I have a theory about M.I.A.’s new album. This was supposed to be her version of “OK Computer” – or at least, that is what it started out as. She sat there heavily pregnant, so the story goes, unable/unwilling to do anything but sit on the Internet and explore. Naturally, she stumbled upon a whole bunch of weird shit on the web. Then she had the baby, begat to the heir of a billion dollar fortune, and probably thought about what an extreme world this child was being born into. The Internet has in a very short space of time taken over aspects of our lives completely and relentlessly – much in the way that Radiohead’s masterpiece predicted. Yet, whilst their album used robotic voices, industrial sounds and digital effects too, they were all there in order to isolate a real voice, to humanise the plight of man against his own invention. Thus, part of the problem with this LP is that she runs away from commitment – to the music, the concept or the challenge of connecting with a wider audience. Either that, or she simply doesn’t know how to carry the concept out. But eventually, listening to “Maya” unearths other redeeming qualities â€“ weâ€™re just not so used to hearing them from M.I.A.
There was a cracking song by the Cardigans called “Disconnect.” In many ways, “Maya” (I don’t know how to do all that typographical shit, sorry) seems to have a similar ambition. The killer line from that chorus was: “If this is communication, then I disconnect.” It was a clever, innovative way of highlighting the difference between connection and communication within a relationship. Whilst many people have straight up trashed “Maya,” most have done so without identifying a framework. Once you understand the concept of the album, it comes across as less random, even if there is a substantial amount of open text. We start on a journey through America, the Internet, clubs and so onâ€¦ Essentially her twists on standard subject matter: “Stepping Up” is an updated club banger that successfully uses Auto Tune and a plethora of sounds effects to channel the current trends into her own style; “XXXO” had opinion split, but it was simply her way of saying that she wasn’t going to follow trends (in the way that so many ape Lady Gaga), and the melodies are absolutely killer; “Teqkilla” could almost be interpreted as a slight on the typical hip hop weed/alcohol track, yet whatever it may be, I canâ€™t for the life of me understand why it clocks in at over six minutes. “Lovalot” is a dig at either Islamic terrorists, or panic-spreading governments â€“ depending on your own viewpoint â€“ but it is perhaps, also, the ramblings of paranoid chat-room goers, continuing with the Internet theme of the album. The bizarre “Story to Be Told” may be talking about Maya herself, but it could just be talking about the net giving everyone a voice through blogs, vlogs, Twitter and such â€“ whether it is an illegal immigrant, an Iranian student or a bored housewife, people just want the chance to tell their tale. Hell, even my Dad just started a blog â€“ M.I.A. is pretty spot on here (if we take the more open interpretation).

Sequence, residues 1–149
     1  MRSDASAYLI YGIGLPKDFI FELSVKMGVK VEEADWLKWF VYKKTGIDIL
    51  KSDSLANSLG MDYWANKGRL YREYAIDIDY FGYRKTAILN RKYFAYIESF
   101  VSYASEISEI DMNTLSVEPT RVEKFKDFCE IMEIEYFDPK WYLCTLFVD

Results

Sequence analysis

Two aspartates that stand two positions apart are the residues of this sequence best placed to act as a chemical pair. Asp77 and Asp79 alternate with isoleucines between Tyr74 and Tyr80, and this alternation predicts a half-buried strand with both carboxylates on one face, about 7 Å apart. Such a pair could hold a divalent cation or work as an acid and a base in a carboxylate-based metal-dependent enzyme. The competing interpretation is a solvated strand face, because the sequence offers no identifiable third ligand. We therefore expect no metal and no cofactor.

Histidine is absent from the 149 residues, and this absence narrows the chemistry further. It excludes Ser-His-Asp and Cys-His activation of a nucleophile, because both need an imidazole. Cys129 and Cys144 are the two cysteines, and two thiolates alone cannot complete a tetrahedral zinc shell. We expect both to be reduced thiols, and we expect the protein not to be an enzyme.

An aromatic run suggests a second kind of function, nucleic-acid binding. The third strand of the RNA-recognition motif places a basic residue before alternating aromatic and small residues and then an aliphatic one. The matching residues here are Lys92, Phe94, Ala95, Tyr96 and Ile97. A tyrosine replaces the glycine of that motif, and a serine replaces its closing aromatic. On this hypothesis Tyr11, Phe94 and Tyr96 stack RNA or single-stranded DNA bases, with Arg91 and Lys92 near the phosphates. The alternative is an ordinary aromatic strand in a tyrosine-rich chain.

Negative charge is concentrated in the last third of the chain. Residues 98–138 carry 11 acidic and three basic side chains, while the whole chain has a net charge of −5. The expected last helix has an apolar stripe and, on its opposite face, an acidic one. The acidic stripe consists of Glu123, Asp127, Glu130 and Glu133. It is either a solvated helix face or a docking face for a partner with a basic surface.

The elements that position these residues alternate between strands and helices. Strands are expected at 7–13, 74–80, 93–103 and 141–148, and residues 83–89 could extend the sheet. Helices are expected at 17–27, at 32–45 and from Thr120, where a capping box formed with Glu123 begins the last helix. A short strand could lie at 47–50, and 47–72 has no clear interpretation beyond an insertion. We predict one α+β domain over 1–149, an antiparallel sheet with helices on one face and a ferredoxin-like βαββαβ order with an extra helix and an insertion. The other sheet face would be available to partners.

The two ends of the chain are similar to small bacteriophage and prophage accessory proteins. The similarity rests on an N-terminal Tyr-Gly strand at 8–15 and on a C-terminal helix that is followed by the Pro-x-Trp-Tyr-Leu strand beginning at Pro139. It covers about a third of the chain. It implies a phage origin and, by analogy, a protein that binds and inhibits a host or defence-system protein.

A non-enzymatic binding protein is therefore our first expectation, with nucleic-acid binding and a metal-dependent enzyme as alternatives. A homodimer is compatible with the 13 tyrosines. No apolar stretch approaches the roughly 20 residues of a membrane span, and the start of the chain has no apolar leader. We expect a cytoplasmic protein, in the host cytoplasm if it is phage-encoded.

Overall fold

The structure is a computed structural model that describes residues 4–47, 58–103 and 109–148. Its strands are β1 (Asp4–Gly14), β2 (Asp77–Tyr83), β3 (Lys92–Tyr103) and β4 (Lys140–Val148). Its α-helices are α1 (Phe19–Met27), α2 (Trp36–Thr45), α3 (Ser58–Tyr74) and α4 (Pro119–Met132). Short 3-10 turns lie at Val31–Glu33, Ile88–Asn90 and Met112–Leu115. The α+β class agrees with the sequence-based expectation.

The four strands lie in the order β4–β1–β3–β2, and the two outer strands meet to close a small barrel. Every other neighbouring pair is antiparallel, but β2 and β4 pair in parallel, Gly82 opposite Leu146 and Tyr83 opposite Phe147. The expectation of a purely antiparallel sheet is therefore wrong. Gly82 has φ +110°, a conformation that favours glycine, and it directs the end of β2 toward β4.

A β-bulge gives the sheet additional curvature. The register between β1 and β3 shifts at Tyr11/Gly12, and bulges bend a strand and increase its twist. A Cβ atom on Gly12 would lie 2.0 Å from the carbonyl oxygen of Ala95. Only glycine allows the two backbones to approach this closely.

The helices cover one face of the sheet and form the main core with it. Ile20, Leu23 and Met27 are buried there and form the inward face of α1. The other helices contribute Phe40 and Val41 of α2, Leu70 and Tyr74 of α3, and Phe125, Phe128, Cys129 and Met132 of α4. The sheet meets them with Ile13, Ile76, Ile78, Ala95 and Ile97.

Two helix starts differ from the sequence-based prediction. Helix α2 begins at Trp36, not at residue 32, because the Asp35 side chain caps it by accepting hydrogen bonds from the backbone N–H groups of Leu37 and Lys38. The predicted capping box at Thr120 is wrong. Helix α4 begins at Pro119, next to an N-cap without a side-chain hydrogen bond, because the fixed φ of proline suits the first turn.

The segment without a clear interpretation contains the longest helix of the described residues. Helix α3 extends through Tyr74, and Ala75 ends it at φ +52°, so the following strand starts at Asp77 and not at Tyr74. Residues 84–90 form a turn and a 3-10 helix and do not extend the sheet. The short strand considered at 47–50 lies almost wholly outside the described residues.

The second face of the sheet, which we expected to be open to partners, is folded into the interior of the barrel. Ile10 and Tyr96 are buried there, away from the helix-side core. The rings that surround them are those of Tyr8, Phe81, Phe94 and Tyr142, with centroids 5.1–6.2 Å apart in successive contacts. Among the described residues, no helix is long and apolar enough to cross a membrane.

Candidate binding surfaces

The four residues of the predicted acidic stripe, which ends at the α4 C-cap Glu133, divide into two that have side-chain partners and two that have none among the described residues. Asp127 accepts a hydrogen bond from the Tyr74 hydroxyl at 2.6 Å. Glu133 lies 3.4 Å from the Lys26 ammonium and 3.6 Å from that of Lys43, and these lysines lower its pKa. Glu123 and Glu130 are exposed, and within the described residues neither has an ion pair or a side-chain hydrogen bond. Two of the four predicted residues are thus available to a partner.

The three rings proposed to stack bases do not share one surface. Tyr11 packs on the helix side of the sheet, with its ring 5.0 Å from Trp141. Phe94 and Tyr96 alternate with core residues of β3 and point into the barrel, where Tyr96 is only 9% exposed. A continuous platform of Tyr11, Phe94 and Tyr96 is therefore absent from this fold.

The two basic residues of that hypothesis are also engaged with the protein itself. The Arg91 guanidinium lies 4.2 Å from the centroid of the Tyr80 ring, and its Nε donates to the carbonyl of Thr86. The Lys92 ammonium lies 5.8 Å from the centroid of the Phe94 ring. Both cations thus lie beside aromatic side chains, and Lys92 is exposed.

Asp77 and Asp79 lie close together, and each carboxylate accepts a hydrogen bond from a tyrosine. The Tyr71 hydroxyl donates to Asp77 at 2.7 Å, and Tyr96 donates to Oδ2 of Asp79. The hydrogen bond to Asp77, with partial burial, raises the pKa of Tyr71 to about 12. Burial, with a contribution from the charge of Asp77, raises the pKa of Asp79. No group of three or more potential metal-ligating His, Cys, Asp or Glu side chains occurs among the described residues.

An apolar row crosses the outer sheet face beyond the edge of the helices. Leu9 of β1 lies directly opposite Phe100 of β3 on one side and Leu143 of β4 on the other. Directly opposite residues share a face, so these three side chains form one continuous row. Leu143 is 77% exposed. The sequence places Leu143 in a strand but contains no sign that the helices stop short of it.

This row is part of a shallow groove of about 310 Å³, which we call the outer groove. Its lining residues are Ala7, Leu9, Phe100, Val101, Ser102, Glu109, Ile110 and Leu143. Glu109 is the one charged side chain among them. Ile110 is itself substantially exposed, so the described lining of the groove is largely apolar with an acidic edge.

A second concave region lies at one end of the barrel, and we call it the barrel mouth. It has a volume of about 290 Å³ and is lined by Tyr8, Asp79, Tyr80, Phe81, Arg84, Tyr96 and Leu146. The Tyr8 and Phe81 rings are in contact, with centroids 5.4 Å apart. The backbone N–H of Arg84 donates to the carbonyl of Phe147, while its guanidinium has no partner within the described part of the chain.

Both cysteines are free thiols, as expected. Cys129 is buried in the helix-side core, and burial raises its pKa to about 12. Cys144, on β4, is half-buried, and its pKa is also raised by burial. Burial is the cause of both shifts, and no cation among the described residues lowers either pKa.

“It Takes a Muscle” is a wafer-thin dub joint, catchy as hell but perhaps a touch too lightweight for the radio (sonically, it probably wouldnâ€™t have made it onto Major Lazer); and “It Iz What It Iz” iz a deliberately discordant stadium anthem that will never make it to the stadium (thanks again to the beat), although it is uniquely intriguing. “Born Free” is a brilliant, barnstorming entry into her singles catalogue. Springsteenâ€™s “Born in the USA” became twisted parody of his original intention, but there is little chance of that happening here, with venom and open contempt the order of the day. M.I.A. is saying here that the much-heralded America being the land of the free is bullshit, and she is going to try and make sure her baby really is born “free.” A slightly wasted opportunity follows with “Meds and Feds” â€“ although it will probably sound better live than on wax, twisting the simplistic guitar riff with an overly eager kick. Personally, the Sleigh Bells LP didnâ€™t grab me, even if I thought it impressive, and the penultimate song actually sounds even more like them: “Tell Me Why” is a watered down “Paper Planes” variant with a brilliant chorus and quite atrocious verses. It is “that generic telecommunications advert song” and although it has potential, the chorus is unable to carry the entire song. Finally, “Space” closes the album off, in the kind of calm and serene way weâ€™re really not used to hearing from Maya Arulpragasam, as she cuts off from everything. Could this be the last we hear from her? I successfully predicted the title of the album, and a hunch tells me that this might be her curtain call â€“ that hunger just isnâ€™t quite as keen anymore, and only a handful of songs really feel like M.I.A. herself truly took the reigns (e.g. “Born Free” and “Lovalot”).